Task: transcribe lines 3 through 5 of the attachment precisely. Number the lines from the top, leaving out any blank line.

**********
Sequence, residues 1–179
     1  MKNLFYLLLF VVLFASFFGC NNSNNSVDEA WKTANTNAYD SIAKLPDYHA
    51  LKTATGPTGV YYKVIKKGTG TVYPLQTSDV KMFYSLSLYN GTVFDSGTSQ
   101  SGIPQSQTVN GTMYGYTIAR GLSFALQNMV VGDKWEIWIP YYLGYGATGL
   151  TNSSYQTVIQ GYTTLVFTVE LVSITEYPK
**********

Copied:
    51  LKTATGPTGV YYKVIKKGTG TVYPLQTSDV KMFYSLSLYN GTVFDSGTSQ
   101  SGIPQSQTVN GTMYGYTIAR GLSFALQNMV VGDKWEIWIP YYLGYGATGL
   151  TNSSYQTVIQ GYTTLVFTVE LVSITEYPK